Stiffing on tips doesn’t actually make you look cool

Thanks to the internet, it’s become extremely easy for food service workers to share their tales of abuse and frustration with each other and with the world. Working in food service can be incredibly degrading and awful because customers often appear to be under the impression that their servers are robots, placed there to cater to their every whim, and to endure any and all abuse hurled at them. Rather than being treated as human beings, waiters, counter staff, bussers, and the like are subjected to despicable treatment from people who should really know better — I always say that I judge people by how they treat the people who are serving us our meals, and it’s proved an excellent litmus test thus far.

One trend that’s become increasingly common involves posting incidents where people have been stiffed on tips. We’re not talking here about photographs of a handful of change on a large bill, or of a measly tip written in on a credit card receipt, but very specifically cases in which people make a huge and dramatic point of either not tipping, or leaving barely anything at all. It comes in the form of snide notes written on receipts and napkins — and sometimes even using condiments on the table. It comes in the form of ‘jokes’ written in the tip line on receipts, or comments made to managers.

Tipping culture is complicated and frustrating. In the United States, most food service workers earn minimum wage or less and rely heavily on tips to make up their wages. They shouldn’t have to, because we should have a higher minimum wage and the wait wage — the subminimum wage that employers may pay as long as they can demonstrate that employees make minimum wage after tips are added in — should be abolished. The US should join many other nations in having a tipless culture where people make enough and earn enough benefits that they don’t feel pressured to eke more out of their work, and can instead focus on doing their jobs instead of having to bend over backwards to serve customers who make unreasonable demands and hold tips hostage.

In an ideal world, tipping might be banned altogether, as is starting to slowly be the case in restaurants and other settings across the US, and replaced by living wages. However, we’re not there yet, and when I go out to eat, I have no idea how much someone is earning, generally speaking, so I make sure to tip reasonably well — and to be conscientious about how my table is behaving and how what we’re doing affects our server. For example, I don’t order wine, which at a one or two top can significantly cut the bill, which can be tough on a server hoping to get more tips out of that section. I’m not required to tip any amount at all, let alone over my usual 20 percent, but I usually do bump my tip up a bit to compensate for the fact that I didn’t add a glass of wine or two to the bill. Likewise if I linger, because when waiters can’t turn tables, it eats into the restaurant’s bottom line as well as theirs.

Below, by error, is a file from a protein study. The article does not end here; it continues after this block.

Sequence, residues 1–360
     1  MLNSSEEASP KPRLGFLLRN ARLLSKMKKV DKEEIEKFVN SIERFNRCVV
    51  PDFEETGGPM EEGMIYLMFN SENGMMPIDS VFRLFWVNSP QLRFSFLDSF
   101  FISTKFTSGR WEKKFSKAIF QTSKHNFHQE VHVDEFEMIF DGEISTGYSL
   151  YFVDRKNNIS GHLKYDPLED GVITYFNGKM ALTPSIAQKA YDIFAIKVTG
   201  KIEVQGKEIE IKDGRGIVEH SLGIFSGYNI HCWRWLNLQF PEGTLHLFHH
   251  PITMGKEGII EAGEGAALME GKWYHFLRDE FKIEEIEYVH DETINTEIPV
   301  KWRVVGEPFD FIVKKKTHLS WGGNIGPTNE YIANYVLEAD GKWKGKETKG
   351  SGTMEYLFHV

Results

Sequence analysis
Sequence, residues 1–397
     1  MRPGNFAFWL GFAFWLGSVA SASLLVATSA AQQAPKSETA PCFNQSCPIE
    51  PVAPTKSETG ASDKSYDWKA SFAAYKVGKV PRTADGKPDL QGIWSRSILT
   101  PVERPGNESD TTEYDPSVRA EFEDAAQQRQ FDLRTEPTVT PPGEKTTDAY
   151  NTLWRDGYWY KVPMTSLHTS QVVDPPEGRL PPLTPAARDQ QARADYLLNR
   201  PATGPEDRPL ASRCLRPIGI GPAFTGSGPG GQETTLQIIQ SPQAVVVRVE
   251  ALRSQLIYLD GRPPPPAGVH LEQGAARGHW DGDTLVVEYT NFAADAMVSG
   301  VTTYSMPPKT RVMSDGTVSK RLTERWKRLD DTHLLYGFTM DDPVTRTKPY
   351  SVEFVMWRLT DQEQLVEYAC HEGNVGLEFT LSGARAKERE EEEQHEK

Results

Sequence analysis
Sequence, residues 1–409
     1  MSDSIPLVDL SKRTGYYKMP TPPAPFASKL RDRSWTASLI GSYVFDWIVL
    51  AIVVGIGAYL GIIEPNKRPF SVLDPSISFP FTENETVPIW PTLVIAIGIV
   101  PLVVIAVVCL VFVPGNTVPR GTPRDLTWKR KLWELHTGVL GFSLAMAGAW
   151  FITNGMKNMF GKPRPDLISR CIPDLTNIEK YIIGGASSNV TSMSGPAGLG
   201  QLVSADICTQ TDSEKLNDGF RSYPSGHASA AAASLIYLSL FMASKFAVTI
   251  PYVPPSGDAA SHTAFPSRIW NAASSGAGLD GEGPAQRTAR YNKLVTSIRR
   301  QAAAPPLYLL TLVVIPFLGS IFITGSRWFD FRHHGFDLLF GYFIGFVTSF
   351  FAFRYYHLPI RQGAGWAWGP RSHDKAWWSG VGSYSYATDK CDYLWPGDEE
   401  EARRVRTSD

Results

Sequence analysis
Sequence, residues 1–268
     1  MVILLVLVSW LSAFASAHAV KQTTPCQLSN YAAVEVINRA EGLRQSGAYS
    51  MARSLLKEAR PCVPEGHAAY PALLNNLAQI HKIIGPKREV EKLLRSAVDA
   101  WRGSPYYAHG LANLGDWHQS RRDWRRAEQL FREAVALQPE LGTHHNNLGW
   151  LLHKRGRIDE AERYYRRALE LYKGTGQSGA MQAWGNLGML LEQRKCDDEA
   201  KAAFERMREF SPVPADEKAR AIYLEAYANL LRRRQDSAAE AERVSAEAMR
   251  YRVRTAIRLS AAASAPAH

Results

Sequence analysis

The fact that some people seem to take a kind of perverse pride in leaving low tips, not tipping, or advertising their disdain for tips is both deeply puzzling and gross to me. I’ve encountered all kinds of defenses for not tipping, including people claiming that they shouldn’t have to pay people for doing their jobs, and frankly, it’s bullshit. No, employers shouldn’t be relying on customers to pay the wages of their staff — and we should talk about the tax implications of making workers bear the burden for tips while employers shuck responsibilities — but by the same token, I pay the wages of staff by doing business with any establishment. When I buy curtains, I’m not just paying for curtains, but for the services of the person who stocked the curtain store, the clerk who helped me and rang me up, the buyer who decided which curtains to carry in the first place.

Being a dick about tipping doesn’t make you look cool. It honestly just makes you look kind of pathetic, that you can’t respect another human being enough to acknowledge yourself in that person’s shoes. Sure, be a tightwad and don’t tip or tip minimally — I don’t need to be friends with you and I certainly don’t need to eat with you, though I can’t tell you the number of times I’ve had to scrape to make up tips because I’ve been embarrassed by how much table mates leave and I can’t in good conscience walk away with such a pitiful amount on the table.

But this performative drama over not tipping needs to stop. It’s gross. It makes servers feel like crap, and not in a self-righteous way, filled with the fire of rage over not getting ‘entitlements,’ as people obsessed with tipping seem to think. It makes them feel awful in the way that anyone would feel awful when confronted with such naked contempt for their humanity. If it bothers you to be treated badly, don’t turn around and do it to an innocent food service worker who’s just trying to get work done — work that includes serving you tasty food.

If something has gone wrong during service, and that something is the responsibility of the server as opposed to factors out of control (like a slow kitchen), then by all means contact the host or manager and request that the situation be addressed. But still, there’s no need to be a jerk about it.

Image: shucker tips, Robert S. Donovan, Flickr